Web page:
This photo taken May 27, 2107, shows Top Prospect Award recipient Nolan Patrick, from the Brandon Wheat Kings, holding his trophy following a media availability at the Memorial Cup in Windsor, Ontario…. (Adrian Wyld /The Canadian Press via AP)
The first expansion draft in the salary-cap era has even the most seasoned NHL general managers unsure of what is going to happen over the next few weeks.
“You expect the unexpected,” Toronto Maple Leafs GM Lou Lamoriello said.
The most unpredictable and fascinating offseason in more than a decade has arrived. Uncertainty runs from the Vegas Golden Knights’ expansion draft next week through the New Jersey Devils’ decision with the top pick in the entry draft to a free agent market that hinges significantly on how much the salary cap goes up — if at all.
Trades could be coming fast and furious as Vegas GM George McPhee stockpiles assets in exchange for agreeing to select or not select players in the June 21 expansion draft. Teams have to decide who to protect — seven forwards, three defenseman and a goaltender or eight skaters at any position and a goaltender — and there should be some roster juggling around the league before protected lists must be submitted Saturday afternoon.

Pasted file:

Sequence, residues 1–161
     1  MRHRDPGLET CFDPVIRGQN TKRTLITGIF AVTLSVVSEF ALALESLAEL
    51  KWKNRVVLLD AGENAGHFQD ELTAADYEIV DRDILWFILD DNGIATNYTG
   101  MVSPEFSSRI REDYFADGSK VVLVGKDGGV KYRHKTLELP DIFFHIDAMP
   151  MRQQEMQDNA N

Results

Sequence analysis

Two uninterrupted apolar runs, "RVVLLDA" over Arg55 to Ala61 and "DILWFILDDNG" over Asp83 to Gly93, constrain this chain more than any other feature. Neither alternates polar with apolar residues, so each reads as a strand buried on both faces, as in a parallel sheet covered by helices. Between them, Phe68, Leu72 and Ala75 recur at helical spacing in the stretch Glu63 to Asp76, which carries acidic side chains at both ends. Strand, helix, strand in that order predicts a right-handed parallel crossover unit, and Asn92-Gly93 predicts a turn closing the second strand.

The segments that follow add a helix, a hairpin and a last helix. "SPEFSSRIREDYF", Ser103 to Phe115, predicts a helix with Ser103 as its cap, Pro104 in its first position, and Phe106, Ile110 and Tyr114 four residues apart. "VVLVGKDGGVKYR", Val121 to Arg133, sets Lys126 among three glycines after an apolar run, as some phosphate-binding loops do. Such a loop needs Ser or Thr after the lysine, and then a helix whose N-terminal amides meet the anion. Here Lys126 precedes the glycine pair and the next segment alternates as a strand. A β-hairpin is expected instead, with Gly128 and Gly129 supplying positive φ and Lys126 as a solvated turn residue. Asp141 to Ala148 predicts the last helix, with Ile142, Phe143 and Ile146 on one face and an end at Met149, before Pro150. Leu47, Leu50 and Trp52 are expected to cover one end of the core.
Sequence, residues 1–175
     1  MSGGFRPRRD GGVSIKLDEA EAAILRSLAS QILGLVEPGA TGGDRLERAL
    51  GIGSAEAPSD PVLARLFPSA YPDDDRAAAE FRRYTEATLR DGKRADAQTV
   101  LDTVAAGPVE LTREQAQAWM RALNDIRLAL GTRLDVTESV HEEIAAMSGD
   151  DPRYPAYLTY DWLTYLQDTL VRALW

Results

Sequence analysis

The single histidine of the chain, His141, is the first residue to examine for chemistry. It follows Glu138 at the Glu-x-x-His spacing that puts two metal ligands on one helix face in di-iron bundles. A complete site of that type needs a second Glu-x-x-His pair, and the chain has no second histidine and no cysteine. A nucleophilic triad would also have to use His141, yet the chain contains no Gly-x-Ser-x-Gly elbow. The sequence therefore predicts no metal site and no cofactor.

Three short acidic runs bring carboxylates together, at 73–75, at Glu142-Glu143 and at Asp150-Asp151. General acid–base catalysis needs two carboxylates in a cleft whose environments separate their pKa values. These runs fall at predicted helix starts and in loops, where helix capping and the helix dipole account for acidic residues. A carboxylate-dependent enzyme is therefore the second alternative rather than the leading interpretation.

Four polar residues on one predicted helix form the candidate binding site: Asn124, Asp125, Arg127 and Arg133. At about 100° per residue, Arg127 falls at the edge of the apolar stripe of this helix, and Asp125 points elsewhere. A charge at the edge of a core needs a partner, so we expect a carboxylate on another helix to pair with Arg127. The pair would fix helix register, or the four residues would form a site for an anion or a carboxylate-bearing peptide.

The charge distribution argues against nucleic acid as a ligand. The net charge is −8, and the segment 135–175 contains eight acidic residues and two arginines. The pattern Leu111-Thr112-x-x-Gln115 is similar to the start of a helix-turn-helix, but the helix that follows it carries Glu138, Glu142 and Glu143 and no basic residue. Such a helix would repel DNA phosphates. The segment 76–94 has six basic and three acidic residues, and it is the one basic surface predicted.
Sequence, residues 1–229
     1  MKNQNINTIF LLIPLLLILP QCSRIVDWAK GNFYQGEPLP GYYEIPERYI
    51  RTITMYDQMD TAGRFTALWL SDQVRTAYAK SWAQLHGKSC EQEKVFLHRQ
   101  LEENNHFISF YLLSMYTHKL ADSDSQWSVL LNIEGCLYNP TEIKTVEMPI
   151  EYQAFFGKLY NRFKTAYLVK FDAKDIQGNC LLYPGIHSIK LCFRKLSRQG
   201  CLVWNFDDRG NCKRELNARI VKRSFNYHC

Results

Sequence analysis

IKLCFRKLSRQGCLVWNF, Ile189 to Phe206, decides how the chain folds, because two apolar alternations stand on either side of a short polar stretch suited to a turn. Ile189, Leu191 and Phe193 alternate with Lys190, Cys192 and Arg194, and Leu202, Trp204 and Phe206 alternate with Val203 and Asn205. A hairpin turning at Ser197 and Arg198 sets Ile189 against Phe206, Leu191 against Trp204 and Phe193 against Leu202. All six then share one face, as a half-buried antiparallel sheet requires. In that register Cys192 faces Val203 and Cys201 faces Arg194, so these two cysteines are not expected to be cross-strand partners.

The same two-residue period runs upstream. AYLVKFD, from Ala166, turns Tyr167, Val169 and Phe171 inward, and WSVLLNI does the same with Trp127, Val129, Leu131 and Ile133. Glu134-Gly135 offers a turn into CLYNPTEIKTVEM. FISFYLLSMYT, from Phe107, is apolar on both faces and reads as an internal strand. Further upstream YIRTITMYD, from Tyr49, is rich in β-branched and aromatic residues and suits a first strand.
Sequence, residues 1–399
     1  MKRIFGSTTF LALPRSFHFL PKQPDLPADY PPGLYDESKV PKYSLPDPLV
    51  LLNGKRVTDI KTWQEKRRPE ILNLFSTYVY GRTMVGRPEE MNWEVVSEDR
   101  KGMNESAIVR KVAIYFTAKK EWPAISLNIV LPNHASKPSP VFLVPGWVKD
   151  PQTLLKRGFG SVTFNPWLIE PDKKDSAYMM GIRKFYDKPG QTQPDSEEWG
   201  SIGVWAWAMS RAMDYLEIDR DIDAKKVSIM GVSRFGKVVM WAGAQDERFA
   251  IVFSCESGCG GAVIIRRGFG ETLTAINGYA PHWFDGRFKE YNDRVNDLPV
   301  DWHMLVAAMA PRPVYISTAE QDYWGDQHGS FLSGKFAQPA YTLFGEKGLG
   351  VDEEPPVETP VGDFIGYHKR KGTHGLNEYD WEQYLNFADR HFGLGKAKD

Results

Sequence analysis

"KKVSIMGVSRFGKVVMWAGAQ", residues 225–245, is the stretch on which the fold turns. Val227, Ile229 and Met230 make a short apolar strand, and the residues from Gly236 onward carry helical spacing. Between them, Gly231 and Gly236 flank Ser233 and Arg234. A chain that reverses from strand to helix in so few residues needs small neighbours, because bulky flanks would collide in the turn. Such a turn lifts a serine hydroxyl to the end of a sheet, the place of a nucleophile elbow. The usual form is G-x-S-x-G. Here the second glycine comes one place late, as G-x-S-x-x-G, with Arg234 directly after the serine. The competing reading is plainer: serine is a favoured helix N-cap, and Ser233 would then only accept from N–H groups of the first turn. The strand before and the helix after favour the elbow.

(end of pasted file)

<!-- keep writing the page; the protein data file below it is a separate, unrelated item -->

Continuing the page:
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“I expect something to transpire and the expansions that I’ve been through in the past, it certainly does,” Lamoriello said. “When there are decisions that have to be made, you’d rather make them proactive rather than reactive. People are going to be trying to do things, whether they have one too many defensemen or whether they have one too many forwards or whether they have needs that they could possibly correct by taking a surplus off somebody else.”
The back-to-back Stanley Cup champion Pittsburgh Penguins have to make a quick decision with goaltender Marc-Andre Fleury ahead of the expansion draft because they can’t afford to lose 23-year-old Matt Murray , who’s 22-9 in consecutive title runs with a 1.95 goals-against average and .928 save percentage and is under contract for three more years. Fleury has a no-movement clause in his contract so he must agree to waive it to be traded or exposed in the expansion draft.
After talking to his colleagues around the league, McPhee said he believes the expansion draft will be more productive for the franchise’s future than he first thought.
“There are teams that really want to protect some people and protect their rosters and they are willing to pay a pretty fair price to get us to lay off certain people and go in a different direction,” McPhee said. “So in those instances we’ll be able to get young players or some draft picks that will help us down the road.”
The expansion draft is drawing so much interest that a group of University of Toronto researchers put together a tool they say shows the optimal protections and picks. Vegas, for its part, hired as a hockey operations analyst General Fanager founder Tom Poraszka, who made the first online expansion draft simulator.